I was a sprinter in high school. After my years of playing football and lifting weights I was a bit of a jock. And when I joined the swim team, I quickly learned that all those muscles were great for going fast, but not so great for going the distance. I swam the 50 and 100 yard races of all strokes. I did OK, but I didn't set any records. But I hated swim practice where we would swim swim swim for an hour or so... UG. I often felt like I was going to drown.
In my adult life I have become less of a sprinter in my physical exercise, taking a more measured approach to my fitness and life way. Here's what I mean. People either run or they walk, for the most part. I walk. When I run, the sprinter brain kicks in and I start running faster. Trying to catch the runner in front of me. Trying to beat the runner ahead as we head up the long hill. When I run a tend to get anaerobic, and drive myself too hard. Sort of the way I did when I was swimming. If I swam at my natural sprint-like pace, I'd never make it through a half hour of swim practice. I learned to dial it back, to breathe a lot more and to go the distance.
In walking versus running, I've also learned a similar pattern for myself. I CAN run. And when I do I notice more pain, more exhaustion and my recovery time the next day is much higher. So if I go out and run two miles vs. walk 3.5 miles I might get the benefit of the higher cardio workout, but I'm going to be hard pressed to get back up and run again the next day. If I walk, I can walk day after day without any real recovery days, unless it's really hot, like it was last week. (Texas summer heat is mean business.)
So, for my life and my style of fitness and my age, I walk. And I walk happily. And I'll walk every day if I can. If I ran, I'd probably work up to daily runs or at least every other day, but what's the point if my joints start aching and if I am damaging my long-term ability to play tennis, or even walk? There's no point in it.
I know there's a time thing for most people. And running takes a lot less time and can give you higher benefits. But that's just fine with me. I'll walk, thanks.
In my relationships I tend to approach things like a sprinter (or runner). And I'm tired of the long recovery periods. I've learned that going fast may feel exhilarating, but it might be a flaw in my strategy. If I walked more, in my dating process, perhaps I would become less focused on one woman and be more comfortable casually dating a few at a time. (I'm personally not talking about sex, but that's okay if *you* are. I'm just talking about "getting to know you" dating.)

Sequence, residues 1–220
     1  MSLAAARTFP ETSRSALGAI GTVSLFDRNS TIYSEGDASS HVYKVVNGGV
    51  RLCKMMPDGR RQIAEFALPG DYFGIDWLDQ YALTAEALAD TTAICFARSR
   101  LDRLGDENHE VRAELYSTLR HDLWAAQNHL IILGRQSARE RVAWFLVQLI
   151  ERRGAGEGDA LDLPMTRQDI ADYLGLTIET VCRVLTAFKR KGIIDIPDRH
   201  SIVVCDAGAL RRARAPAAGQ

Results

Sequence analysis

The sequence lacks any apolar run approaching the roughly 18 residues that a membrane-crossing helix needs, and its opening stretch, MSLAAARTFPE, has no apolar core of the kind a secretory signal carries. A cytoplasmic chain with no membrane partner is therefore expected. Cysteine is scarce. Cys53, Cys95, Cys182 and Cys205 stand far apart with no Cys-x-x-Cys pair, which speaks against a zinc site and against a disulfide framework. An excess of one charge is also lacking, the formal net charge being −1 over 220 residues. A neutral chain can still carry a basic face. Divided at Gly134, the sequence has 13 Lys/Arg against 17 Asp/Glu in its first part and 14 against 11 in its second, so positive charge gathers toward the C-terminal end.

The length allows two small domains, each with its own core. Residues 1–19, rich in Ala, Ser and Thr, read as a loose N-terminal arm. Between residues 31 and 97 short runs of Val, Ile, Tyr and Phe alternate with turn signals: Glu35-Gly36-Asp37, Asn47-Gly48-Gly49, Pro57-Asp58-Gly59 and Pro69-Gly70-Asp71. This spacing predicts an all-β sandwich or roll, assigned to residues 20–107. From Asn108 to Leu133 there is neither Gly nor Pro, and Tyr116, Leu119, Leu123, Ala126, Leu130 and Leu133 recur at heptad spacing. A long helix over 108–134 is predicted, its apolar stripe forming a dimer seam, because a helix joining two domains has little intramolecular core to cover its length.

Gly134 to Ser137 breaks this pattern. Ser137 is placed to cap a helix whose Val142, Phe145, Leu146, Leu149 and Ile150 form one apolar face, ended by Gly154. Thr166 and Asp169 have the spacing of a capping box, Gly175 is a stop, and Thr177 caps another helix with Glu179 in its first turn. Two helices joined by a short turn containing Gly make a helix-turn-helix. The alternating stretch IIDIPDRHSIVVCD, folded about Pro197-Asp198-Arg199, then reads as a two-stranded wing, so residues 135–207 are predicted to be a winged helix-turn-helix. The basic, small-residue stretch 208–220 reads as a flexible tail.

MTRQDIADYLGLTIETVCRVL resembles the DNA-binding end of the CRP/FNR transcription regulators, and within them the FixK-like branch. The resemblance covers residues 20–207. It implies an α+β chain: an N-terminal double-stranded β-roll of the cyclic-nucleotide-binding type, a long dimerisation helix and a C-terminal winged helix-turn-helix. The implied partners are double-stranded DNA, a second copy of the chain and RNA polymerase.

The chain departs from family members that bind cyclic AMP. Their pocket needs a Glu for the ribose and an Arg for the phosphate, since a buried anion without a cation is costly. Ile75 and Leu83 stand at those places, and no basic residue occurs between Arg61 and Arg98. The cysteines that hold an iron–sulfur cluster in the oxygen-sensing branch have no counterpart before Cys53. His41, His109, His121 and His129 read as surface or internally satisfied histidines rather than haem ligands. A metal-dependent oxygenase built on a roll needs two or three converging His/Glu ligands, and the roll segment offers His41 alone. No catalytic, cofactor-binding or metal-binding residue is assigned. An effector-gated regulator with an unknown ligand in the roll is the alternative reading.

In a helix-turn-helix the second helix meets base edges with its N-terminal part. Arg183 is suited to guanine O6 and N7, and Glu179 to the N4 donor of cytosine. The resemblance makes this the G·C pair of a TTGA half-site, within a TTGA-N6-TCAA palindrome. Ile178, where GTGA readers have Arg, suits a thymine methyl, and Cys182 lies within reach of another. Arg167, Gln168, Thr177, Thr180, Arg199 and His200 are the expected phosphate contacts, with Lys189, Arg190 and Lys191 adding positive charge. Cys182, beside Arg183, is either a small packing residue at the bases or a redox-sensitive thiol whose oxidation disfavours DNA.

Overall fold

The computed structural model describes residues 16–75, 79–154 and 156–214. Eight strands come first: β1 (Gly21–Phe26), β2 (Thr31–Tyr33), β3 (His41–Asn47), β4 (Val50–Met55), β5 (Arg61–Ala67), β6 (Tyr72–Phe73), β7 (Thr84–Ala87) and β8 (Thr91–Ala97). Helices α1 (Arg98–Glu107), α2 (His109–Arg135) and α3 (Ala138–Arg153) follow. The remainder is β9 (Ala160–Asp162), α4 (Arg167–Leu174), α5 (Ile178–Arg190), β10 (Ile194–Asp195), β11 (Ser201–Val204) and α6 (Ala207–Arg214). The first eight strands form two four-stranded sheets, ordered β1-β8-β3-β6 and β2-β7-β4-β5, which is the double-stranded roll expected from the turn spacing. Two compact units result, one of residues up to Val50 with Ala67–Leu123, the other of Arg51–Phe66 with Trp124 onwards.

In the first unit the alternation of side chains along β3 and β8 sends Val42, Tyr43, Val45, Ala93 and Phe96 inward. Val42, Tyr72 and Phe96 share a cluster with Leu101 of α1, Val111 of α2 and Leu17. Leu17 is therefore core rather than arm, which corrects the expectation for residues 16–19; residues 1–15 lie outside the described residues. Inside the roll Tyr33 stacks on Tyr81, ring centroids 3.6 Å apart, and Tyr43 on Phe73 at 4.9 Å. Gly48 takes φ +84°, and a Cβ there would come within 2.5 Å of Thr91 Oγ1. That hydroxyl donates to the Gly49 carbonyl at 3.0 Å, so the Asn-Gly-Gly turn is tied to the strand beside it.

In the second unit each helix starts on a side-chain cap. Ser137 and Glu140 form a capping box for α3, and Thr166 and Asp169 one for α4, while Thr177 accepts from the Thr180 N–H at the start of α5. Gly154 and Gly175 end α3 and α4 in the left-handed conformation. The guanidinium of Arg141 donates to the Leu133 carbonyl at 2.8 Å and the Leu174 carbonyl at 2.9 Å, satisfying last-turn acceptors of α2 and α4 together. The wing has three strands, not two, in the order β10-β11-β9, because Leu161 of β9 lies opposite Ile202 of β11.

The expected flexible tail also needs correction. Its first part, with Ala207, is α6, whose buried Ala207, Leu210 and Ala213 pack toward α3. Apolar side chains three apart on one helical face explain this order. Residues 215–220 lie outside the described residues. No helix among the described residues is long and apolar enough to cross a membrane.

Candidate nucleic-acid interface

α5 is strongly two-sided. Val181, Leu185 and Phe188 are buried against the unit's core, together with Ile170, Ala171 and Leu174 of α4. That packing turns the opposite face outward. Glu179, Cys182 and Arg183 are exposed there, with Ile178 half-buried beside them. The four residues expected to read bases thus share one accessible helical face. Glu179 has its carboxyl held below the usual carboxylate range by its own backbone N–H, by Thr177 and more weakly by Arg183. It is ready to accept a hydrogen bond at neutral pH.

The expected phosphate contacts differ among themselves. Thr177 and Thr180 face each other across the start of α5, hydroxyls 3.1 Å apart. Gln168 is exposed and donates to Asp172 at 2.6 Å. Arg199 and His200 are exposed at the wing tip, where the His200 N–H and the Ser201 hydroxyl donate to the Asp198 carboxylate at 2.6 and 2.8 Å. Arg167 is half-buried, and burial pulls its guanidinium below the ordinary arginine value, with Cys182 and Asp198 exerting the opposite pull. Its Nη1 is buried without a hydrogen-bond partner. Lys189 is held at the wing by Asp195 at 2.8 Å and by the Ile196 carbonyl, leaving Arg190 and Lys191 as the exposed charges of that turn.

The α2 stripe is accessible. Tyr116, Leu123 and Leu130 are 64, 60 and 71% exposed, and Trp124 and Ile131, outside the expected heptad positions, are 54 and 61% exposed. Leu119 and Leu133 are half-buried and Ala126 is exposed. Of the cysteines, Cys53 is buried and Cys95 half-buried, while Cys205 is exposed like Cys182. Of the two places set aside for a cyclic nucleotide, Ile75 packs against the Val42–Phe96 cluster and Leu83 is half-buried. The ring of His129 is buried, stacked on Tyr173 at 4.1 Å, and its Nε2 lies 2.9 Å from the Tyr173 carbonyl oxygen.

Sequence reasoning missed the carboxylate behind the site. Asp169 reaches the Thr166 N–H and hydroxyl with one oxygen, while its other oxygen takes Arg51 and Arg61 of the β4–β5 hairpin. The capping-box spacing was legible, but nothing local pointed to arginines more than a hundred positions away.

Here's what I've learned just in the last week as a serious dating relationship collapsed under the weight of our collective mismatch. I had put all of my eggs in her basket, and that tended to make me more focused on her than perhaps I should've been. I wanted her badly, and our courtship turned to passion in a few weeks. And that wasn't the problem.
I was the problem. I wanted to run, jump, swim into "what's next" with her. I learned, in the course of dating her, to taper my sprint a bit. Only a bit. I was always hungry for her. I wanted to devour and praise and massage her all the time. Of course, as single parents that wasn't really an option. So we travelled along together side by side, her running and me walking on the trail, but in the cadence of the relationship I kept sprinting ahead.
Time after time I would write a love poem and think, "Man this is a good one, I should share it." And inevitably this would lead to a freak out. Okay, back to walking. And then I would get a second wind and sprint back to the front of the pack and send another mis-timed missive. Damn. I didn't learn very quickly that this was a running woman, but she wasn't ready to run with me into a "R" relationship.
Now I know. And I have more time alone again to reflect on my pattern. Walk, walk, walk, sprint. It's the sprint thing that I can do without. At least in terms of dating. In my physical exercise I am happy to get some running in on the tennis court, THAT is worth it to me. But on the trail or on a treadmill? Forget about it.
So I know in my fitness walking and walking frequently is the key to my happiness. It may be a longer haul to get as fit as I'd like to be, but I have very little pain and almost no need for recovery days. (Tennis in the Texas heat is a bit of a different story, but I try to play early in the morning when possible.)
Besides, if I ran I wouldn't have so much time to enjoy and study the music in my earbuds.
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